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use a diving rod.
tossed the following ingredients into the ever-growing pot of cybersoup:

We didn't have the system air-blown last year, and no harm came to it. We did drain it, however.
Anyway, if an 80psi water supply can't open a buried pop-up sufficiently to produce a pool of water or a squishy patch in the lawn, do you think I'm going to hear anything from said pop-up by blowing air through the system?
I should mention that although the pop-up that just revealed its presence is in line with several others, it is not on the same line as those others. All of them are Teed into another line of pop-ups running parallel to them. What makes me think that there may be some more buried ones is that the gap between the one that just appeared an the next one in line with it is three times the spacing between many of the others; IOW, I am thinking that there may be two more buried pop-ups. And, yes, I have dug around where I think those "missing" pop-ups might be, but I haven't found anything.
Perce
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Metal detector. You may know someone who does this for a hobby, or call around to the local shops and maybe you can find someone.
The brass in sprinkler heads is VERY easy to find for a metal detector.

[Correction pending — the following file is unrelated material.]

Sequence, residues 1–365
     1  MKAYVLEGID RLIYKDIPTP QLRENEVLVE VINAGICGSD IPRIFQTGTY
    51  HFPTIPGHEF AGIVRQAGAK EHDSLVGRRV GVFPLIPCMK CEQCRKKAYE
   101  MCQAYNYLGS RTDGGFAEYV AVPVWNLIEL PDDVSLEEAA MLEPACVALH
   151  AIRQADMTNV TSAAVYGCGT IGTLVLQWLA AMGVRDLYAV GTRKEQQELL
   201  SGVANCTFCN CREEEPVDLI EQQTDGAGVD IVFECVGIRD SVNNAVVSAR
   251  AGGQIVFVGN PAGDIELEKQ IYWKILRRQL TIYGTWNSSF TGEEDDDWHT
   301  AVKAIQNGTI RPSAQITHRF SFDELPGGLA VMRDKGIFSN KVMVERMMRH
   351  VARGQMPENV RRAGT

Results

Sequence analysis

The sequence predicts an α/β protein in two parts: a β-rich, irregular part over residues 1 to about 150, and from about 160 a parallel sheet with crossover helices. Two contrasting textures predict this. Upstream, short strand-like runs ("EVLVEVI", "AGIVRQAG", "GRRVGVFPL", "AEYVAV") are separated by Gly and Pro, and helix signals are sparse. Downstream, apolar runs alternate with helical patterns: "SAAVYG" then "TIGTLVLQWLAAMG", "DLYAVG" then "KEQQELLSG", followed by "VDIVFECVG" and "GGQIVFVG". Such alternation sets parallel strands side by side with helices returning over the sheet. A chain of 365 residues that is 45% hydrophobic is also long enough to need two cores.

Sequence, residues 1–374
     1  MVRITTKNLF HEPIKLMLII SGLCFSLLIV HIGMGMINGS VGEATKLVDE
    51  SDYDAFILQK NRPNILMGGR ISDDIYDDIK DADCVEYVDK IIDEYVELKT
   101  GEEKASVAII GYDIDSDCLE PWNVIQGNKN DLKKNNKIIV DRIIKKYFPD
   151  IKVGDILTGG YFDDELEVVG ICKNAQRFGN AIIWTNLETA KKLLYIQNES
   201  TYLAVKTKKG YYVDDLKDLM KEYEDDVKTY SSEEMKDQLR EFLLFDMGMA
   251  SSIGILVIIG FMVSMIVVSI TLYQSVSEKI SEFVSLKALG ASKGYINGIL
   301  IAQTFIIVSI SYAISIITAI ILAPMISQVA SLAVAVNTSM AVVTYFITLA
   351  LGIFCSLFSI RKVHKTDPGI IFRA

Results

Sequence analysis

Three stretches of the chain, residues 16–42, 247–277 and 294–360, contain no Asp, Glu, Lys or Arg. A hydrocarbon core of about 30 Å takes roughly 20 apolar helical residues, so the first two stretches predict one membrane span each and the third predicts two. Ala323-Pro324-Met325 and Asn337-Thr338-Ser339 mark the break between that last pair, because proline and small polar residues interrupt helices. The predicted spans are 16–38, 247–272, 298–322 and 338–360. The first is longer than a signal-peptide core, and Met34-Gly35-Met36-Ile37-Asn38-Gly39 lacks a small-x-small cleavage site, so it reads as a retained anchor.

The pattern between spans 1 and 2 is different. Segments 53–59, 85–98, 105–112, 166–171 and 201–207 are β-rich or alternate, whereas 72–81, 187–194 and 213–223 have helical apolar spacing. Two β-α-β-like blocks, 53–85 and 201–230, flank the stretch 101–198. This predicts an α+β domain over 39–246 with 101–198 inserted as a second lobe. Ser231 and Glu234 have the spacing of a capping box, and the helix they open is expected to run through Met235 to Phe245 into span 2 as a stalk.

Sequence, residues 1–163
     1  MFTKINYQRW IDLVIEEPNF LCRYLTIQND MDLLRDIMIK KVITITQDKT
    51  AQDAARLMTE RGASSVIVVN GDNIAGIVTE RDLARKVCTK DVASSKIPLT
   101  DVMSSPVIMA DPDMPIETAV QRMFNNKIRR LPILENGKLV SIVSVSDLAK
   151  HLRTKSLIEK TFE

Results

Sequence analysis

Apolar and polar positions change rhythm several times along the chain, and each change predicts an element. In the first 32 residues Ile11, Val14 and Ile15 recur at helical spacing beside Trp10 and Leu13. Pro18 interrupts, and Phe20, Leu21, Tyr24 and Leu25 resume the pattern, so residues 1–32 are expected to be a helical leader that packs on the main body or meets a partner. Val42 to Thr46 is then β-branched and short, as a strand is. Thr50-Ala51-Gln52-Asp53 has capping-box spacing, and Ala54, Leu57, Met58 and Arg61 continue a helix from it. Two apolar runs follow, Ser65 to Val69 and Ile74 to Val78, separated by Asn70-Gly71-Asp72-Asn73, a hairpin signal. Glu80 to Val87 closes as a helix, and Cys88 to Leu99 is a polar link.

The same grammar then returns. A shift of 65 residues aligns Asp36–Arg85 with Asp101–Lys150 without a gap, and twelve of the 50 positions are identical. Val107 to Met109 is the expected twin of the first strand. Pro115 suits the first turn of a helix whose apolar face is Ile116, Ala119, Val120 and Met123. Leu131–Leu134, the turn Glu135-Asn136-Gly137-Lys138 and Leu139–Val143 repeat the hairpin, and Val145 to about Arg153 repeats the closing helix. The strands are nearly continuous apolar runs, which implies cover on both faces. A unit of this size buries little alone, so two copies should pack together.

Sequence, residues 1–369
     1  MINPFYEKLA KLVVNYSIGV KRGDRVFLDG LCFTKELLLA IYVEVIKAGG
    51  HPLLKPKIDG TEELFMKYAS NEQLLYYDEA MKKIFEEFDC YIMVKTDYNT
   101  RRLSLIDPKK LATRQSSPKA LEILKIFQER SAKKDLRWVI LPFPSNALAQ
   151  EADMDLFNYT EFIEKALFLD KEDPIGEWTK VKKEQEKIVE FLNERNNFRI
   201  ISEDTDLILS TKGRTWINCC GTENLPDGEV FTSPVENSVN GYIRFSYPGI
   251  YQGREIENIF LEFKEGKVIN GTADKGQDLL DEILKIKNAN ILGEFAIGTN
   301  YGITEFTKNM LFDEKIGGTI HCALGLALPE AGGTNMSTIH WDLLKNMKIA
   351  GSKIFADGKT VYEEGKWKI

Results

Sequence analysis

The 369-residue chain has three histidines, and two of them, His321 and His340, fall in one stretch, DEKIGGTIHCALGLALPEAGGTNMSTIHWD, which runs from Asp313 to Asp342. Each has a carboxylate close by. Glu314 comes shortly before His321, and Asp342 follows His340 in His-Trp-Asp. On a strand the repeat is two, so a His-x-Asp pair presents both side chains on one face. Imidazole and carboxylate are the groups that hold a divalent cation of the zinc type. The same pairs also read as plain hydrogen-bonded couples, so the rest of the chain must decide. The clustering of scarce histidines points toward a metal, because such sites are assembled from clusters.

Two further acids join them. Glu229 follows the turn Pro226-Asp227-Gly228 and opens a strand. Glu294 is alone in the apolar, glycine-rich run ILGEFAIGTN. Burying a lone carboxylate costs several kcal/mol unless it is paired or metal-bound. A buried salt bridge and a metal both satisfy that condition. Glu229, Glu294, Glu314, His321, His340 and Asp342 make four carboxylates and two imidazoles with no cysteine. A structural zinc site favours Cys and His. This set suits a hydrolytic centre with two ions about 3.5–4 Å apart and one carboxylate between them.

Steve
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On 09/16/05 03:07 pm SteveB tossed the following ingredients into the ever-growing pot of cybersoup:

That was one of the things that occurred to me early on, but we'd prefer a cheap solution -- but are there metal detectors as cheap as $20 that would work?
Although the pop-up that came to light most recently is a Nelson with a brass nozzle (and the riser is GI), most of the ones we know about are Rain-Bird or Toro, which are all-plastic except for the spring and a tiny flow-adjusting screw. Is a metal detector going to do much good with such sprinklers, especially if the risers are plastic as well, as most of them are. About the only metal other than the spring and the tiny adjusting screw would be the hose clamp(s) down in the ground.
Perce
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You might get someone with a metal detector to do it for $20. I once dropped one of those tiny mister nozzles. About half the size of a pea. It found it no problem. Yes, it will find the small amounts of metal in a plastic sprinkler.
Steve
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How about turning on the system & throttling the manual valve WAY down, leave it running for a LONG & look for the telltale wet spots
cheers Bob
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Not all sprinkler heads are brass. Most of the newer gear-driven ones are virtually all plastic, other than the lifter spring, which I don't think has enough mass to be found easilly.
-Tim
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I took the OP to say this was an old system with older parts .................
Steve